Insured’s Failure to Cite Case Law or Evidence to Support Claim of “Direct Physical Loss”

The Court also noted that the Insureds failed to cite any case law supporting the “proposition that governmental edict, standing alone, constitutes a direct physical loss under an insurance policy.” The Court then discussed cases, including Roundabout Theatre Co. v. Continental Casualty Co., 302 A.D.2d 1, 2-3 (1st Dept. 2002), that “rejected coverage when a business’s closure was not due to direct physical harm to the insured premises.” In that case, the City of New York ordered the closure of a theater after a portion of a neighboring building under construction collapsed onto the street and adjacent buildings. Although the theater itself sustained minor damage that was repaired in one day, that court found that the theater did not suffer a “direct physical loss” as a result of the city-mandated closure that forced it to cancel 35 performances.

It should be noted that the specific facts in this case, including the definitions selected by the Insureds, which have not been uniformly adopted, may limit its application. At the heart of the Court’s ruling was that the Insureds did not offer evidence that COVID-19 was present in their restaurants in order to support a claim for physical loss. Thus, such evidence in future cases may lead to a different result as to whether loss of use constitutes “direct physical loss.” Although the science continues to develop around COVID-19, there have been studies that have found that COVID-19 can remain present on surfaces and in the air for an extended period of time. Such scientific evidence may bolster a claim for physical loss.

Indeed, even cases cited by the Insurer, arguably support the proposition that contaminants on a property can constitute direct physical loss. See, e.g., Motorists Mutual Insurance Co. v. Hardinger, 131 Fed. Appx. 823 (3d Cir. 2005) (applying Pennsylvania law and finding that bacterial contamination of a home’s water supply constituted a direct physical loss to property because, despite the lack of physical damage, it rendered the home uninhabitable).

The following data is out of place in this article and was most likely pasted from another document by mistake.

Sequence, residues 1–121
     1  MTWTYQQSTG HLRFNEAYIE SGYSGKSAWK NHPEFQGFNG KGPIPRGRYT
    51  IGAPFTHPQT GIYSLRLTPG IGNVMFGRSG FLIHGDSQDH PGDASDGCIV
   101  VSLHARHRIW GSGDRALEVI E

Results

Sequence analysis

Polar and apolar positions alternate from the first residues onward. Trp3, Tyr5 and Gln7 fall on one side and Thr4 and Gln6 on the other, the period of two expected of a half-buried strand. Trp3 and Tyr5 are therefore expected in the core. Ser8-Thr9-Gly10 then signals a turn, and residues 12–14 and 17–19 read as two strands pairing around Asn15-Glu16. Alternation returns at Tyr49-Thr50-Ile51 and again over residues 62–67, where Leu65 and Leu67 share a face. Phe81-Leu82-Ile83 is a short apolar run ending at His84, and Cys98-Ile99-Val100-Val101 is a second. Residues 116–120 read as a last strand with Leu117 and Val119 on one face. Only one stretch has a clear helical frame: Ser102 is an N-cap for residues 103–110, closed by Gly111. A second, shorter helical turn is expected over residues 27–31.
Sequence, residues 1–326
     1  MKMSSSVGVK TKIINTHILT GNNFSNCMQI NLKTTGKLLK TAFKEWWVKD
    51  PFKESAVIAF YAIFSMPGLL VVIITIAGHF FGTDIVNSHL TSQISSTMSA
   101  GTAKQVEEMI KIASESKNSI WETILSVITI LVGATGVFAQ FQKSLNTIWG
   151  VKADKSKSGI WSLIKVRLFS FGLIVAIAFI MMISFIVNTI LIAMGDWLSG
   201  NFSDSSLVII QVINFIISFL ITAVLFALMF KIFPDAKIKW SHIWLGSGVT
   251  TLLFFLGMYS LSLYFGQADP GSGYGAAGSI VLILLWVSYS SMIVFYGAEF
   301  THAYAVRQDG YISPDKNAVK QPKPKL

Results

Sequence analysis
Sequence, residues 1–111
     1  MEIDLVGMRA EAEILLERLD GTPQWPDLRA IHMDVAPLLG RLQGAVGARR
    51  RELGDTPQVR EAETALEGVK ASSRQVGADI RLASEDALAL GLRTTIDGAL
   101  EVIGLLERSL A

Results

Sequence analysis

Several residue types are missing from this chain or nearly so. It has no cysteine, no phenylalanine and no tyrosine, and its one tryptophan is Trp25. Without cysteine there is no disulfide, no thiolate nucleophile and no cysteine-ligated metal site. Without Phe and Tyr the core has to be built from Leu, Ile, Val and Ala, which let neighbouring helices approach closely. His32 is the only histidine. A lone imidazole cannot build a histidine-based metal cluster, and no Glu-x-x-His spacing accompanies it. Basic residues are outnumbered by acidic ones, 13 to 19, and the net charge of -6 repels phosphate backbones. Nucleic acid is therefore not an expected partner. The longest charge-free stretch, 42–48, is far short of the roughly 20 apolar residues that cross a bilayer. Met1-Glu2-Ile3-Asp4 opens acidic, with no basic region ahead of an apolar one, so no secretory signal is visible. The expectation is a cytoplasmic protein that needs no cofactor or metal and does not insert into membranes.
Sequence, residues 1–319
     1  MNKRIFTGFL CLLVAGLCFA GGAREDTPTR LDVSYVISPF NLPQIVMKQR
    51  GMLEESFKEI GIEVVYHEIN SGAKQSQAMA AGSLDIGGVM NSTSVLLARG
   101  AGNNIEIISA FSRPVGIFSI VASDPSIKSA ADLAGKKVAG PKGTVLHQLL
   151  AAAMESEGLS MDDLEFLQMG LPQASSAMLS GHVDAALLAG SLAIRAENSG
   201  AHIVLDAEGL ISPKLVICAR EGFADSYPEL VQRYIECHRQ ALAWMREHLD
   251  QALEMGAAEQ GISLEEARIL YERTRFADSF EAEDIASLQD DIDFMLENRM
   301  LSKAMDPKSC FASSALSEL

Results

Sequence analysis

Similarly, in Murray v. State Farm Fire & Casualty Co., 509 S.E.2d 1, 16-17 (W.Va. 1998), a West Virginia trial court held that a landslide rendering homes uninhabitable due to a “palpable future risk of physical damage from a follow-on landslide,” was a “direct physical loss.” A similar argument could be made that the threat of COVID-19 becoming present at a premises may, on its own, constitute a direct physical loss because it renders the property unusable. Notably, however, Rose’s 1 LLC Court briefly distinguished Murray on the grounds that it involved some compromise to the physical integrity of the insured property (whereas, the Court found this not to be the case in Rose’s 1 LLC).

Key Takeaway

Although Rose’s 1 LLC is a win for insurers in COVID-19 lawsuits, its narrow holding does not address the countless issues raised in the hundreds of cases seeking business interruption coverage for losses caused by COVID-19. Stay tuned.

(This post originally appeared on the Workforce Bulletin Blog.)